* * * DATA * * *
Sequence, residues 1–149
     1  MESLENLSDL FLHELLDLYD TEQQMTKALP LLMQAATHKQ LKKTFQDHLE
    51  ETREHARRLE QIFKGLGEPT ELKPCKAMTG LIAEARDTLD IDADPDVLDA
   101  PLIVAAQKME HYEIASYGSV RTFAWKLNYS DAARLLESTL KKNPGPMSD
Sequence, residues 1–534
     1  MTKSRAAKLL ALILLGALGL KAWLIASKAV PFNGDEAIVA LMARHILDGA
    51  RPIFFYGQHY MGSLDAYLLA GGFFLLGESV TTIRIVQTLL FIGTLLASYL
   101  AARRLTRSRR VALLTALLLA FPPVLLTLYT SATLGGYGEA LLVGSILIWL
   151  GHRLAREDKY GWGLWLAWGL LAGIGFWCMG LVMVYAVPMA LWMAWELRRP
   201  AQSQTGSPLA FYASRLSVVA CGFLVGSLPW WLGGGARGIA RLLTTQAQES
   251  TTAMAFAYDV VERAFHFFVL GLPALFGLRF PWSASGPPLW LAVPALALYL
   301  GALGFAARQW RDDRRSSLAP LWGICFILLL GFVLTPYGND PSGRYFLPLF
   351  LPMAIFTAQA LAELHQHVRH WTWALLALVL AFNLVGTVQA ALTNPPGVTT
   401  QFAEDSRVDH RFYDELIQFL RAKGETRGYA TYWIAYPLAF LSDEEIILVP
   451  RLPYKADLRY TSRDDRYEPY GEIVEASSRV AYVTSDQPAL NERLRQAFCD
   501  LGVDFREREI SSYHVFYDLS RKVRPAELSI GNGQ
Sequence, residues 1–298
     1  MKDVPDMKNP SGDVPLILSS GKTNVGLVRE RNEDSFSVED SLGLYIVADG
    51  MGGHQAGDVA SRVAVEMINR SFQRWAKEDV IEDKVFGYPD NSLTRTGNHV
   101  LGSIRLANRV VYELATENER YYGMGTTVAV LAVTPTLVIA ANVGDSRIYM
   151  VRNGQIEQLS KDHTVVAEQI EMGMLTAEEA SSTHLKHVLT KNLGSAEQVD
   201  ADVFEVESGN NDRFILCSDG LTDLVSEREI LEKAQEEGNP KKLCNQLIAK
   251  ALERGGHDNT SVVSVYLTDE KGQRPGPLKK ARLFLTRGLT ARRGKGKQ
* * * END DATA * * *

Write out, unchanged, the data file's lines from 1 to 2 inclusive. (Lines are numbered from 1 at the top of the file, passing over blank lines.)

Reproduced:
Sequence, residues 1–149
     1  MESLENLSDL FLHELLDLYD TEQQMTKALP LLMQAATHKQ LKKTFQDHLE